There was a lot of hype about this book back in 2018, when it was released. Barak Obama nominated it as one of his five favourite books over summer that year, Bill Gates put it on his holiday reading list. It was named as one of the best books of the year by The Washington Post, O, The Oprah Magazine, Time, NPR, Good Morning America, The San Francisco Chronicle, and The Guardian. And I think that here in Australia, I recommended that my library buy it (which it probably would have done in any case) and then I took four years to actually read it- by which time I’d bought it on special on my Kobo instead.
I can see why it received such acclaim in the United States. I can see the appeal of a story of a young Mormon girl from Idaho – could anything be more American than a Mormon?- who overcame her father’s paranoid survivalist beliefs about government and her rudimentary home-school education to attend elite universities in both United Kingdom and America and to achieve her PhD. The book has that rather furtive appeal of trauma narratives: a genre and publishing phenomena that is starting to devour itself by becoming rather too commonplace.
Tara is the youngest of seven children to Gene and Faye Westover. The family’s financial success rested very much on her mother’s work as a midwife and herbalist/healer, while Gene enlisted his children in his metal recovery business which sprawled over their farm property. There was an extended but estranged family, because both grandmothers disapproved of Gene and his anti-government stance. This was a threadbare upbringing, isolated even from other congregants in their Mormon church, whom Tara’s father thought too wishy-washy. The children received little encouragement to undertake their home schooling and they were expected to labour in a dangerous work environment alongside their father. At various stages, members of the family including her brother and father received horrendous injuries that were treated within the home. Her older brother Shawn is a menacing presence throughout the book, physically and emotionally, and I would not have been surprised had it been sexually as well (although she does not say this). It was another older brother, Tyler, who encouraged her to follow his example in leaving home to go to college. This involved essentially a period of self-education from textbooks, and she achieved entry to Brigham Young University. Although a Mormon university, here she was challenged by living with Mormon girls whose upbringing had been much freer than hers had been. She did well, and eventually achieved a scholarship to Cambridge University in UK where she received encouragement from historian Professor Jonathan Steinberg and Professor David Runciman. It is quite amazing to think of someone coming to undergraduate-level material with absolutely no pre-exposure to academic conventions and ‘received’ wisdom, context or media exposure. I guess that there would be a purity there, but also a type of shallowness as well- to say nothing of the sheer hard work it must have taken to cover what other students would have absorbed almost by osmosis. She completed her PhD and seems to have returned to the United States.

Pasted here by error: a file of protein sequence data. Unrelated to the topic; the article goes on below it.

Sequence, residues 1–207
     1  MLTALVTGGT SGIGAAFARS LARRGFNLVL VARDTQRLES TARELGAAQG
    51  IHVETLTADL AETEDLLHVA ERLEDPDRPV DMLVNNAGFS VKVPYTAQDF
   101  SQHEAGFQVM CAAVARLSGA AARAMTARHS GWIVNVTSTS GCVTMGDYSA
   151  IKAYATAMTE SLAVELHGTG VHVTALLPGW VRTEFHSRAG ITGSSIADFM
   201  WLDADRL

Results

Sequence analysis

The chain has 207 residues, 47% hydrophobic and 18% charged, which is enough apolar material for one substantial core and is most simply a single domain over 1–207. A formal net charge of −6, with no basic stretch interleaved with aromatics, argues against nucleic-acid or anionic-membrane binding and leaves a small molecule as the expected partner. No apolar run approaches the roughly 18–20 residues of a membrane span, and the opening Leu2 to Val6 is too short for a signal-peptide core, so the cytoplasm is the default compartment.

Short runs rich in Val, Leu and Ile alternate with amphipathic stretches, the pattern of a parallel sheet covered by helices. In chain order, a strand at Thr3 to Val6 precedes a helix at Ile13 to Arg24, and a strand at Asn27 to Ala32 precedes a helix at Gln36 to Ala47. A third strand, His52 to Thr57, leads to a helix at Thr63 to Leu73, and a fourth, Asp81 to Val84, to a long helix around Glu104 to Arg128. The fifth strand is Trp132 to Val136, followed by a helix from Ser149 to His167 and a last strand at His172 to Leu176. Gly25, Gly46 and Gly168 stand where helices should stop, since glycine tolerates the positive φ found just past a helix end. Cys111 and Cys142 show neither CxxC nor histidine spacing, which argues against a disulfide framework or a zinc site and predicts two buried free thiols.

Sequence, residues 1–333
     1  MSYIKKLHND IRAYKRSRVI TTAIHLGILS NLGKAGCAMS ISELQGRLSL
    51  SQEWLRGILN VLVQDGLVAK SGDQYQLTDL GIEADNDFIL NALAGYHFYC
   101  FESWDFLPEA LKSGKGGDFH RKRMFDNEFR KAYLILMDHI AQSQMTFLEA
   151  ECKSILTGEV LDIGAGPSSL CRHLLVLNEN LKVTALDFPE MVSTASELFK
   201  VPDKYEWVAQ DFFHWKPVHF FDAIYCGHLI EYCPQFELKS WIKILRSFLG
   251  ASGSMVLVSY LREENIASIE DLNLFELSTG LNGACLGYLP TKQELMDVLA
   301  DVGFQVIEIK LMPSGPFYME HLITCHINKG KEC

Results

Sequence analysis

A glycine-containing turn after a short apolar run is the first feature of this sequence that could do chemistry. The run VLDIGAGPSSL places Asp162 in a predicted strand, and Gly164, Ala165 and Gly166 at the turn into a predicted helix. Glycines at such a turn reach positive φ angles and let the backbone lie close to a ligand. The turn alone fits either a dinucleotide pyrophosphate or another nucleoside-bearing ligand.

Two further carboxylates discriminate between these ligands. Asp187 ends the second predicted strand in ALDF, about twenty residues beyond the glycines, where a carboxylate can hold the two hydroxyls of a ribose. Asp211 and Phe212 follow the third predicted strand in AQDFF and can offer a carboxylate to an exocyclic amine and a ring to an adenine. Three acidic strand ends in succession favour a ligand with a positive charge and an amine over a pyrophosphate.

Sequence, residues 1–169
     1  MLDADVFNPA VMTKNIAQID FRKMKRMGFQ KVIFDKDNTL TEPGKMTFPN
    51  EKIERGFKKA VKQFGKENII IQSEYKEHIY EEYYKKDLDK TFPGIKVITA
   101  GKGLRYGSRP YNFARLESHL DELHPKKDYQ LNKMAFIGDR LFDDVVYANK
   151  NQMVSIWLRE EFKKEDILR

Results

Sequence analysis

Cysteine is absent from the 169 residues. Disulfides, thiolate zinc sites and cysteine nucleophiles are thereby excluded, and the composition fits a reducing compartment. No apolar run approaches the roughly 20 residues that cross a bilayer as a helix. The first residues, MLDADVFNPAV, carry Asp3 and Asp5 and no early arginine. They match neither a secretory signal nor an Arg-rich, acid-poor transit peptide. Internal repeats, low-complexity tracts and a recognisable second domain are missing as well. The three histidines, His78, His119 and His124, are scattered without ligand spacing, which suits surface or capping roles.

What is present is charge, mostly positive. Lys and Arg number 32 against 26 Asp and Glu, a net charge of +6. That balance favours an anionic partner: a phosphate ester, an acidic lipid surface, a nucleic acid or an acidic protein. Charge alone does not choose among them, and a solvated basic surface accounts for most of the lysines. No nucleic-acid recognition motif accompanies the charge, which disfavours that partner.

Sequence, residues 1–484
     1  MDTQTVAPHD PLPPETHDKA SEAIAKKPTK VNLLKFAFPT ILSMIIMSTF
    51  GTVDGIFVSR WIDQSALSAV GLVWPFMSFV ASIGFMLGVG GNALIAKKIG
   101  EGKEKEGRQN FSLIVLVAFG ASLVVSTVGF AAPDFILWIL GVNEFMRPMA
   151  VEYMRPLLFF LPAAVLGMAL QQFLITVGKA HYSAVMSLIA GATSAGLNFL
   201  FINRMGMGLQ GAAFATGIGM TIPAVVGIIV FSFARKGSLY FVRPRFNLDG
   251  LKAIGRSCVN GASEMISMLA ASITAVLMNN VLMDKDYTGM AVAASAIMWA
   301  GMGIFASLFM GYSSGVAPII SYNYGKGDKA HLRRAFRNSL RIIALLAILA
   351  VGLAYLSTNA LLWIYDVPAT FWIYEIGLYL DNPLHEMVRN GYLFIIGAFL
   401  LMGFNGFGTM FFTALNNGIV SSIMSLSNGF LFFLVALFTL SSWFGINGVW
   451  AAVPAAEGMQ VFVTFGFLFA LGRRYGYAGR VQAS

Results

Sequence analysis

The book is written in a fairly simple, unadorned style and at first I found myself wondering whether she had the writing skills to complete a PhD. But once she started writing about her subject matter, the writing kicked up several notches in complexity and abstraction- as you would hope it would, when writing about one’s academic field. The final part of the book was devoted to the family fall-out both from her pursuit of an academic career, and after a confrontation with her parents over Shaun’s abuse of her and her other sister. Members of the family distanced themselves from her, and she learns that although her mother may appear sympathetic, her loyalties will always lie with her husband. It’s almost a love letter to her family, shot through with grief.
I hope that Tara Westover becomes known for more than just this memoir. Google Scholar suggests that she is a topic for academic consideration, rather than an academic contributor herself. She is still very young and I wish that she had waited ten years before writing this memoir.
My rating: 8/10
Sourced from: purchased e-book